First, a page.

Mar 06, 2015 rated it really liked it
Shelves: 2015
A quiet book about a Japanese couple who become enamored with their neighbor's cat. On the surface, very simple and straightforward, but there are many layers here. The book works as a meditation on love and loss. The more we nurture something the more we feel it's loss when it's gone. That's a given. We all understand that. The author suggests this is a model way to live. But how does one come to cultivate a garden, for instance, when the things of this world are in a perpetual state of flux? T ...more
Feb 27, 2015 rated it it was ok
Shelves: reviewed
I did not enjoy or get anything out of this book. I see someone at Amazon is going through the negative reviews and flagging them as "unhelpful" -- well that in itself is unhelpful, because the book is definitely not above reproach. One of my two stars is because, given all the praise and honors "The Guest Cat" has garnered, I wonder if most of it is lost in translation, not because of any failing on the part of the translator, but as a result of the material. I am familiar with Japanese literat ...more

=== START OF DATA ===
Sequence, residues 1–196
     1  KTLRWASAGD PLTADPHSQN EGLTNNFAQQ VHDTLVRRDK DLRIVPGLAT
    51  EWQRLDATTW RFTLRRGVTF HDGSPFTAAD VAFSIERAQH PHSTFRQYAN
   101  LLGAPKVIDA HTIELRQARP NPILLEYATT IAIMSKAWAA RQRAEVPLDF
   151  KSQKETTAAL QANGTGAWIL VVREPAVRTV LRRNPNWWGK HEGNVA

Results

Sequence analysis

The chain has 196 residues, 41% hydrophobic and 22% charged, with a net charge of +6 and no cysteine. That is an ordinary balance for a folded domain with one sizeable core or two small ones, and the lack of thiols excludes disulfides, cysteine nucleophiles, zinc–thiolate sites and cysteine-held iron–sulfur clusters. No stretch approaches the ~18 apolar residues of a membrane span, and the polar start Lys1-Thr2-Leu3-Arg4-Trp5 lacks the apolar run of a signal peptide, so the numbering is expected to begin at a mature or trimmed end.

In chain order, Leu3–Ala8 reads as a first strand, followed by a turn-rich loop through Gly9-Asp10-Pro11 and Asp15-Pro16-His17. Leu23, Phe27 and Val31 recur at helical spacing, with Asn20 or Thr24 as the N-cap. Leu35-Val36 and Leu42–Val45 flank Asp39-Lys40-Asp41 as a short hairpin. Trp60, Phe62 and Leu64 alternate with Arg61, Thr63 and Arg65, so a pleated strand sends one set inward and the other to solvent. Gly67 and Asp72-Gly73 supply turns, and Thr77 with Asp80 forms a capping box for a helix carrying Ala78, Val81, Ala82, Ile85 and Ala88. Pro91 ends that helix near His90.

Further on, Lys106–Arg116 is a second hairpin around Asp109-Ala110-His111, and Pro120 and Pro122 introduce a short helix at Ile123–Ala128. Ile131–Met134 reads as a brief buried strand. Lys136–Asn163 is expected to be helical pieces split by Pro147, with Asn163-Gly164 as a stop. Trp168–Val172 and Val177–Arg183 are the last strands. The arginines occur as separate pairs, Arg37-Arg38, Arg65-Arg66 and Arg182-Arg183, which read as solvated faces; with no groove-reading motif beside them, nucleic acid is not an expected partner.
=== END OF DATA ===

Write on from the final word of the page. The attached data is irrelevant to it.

Jenny (Reading Envy)
I am cycling off a Postal Book Group I participated in from 2015-2019, and The Guest Cat by Takashi Hiraide was my last read. It started through the Books on the Nightstand Goodreads group, and if you listened to that podcast (R.I.P.) you know that started a while ago!

A married couple lives in a guest house on a larger estate and the slim novel is more about how they relate to the architecture and light of their house, the seasons, other people, Chibi the cat, and so on. This is another novella/
Dec 10, 2019 rated it really liked it

I really loved this one - especially the ending! It really got me thinking about people, cats, and the nature of the relationship between people and cats and people and people.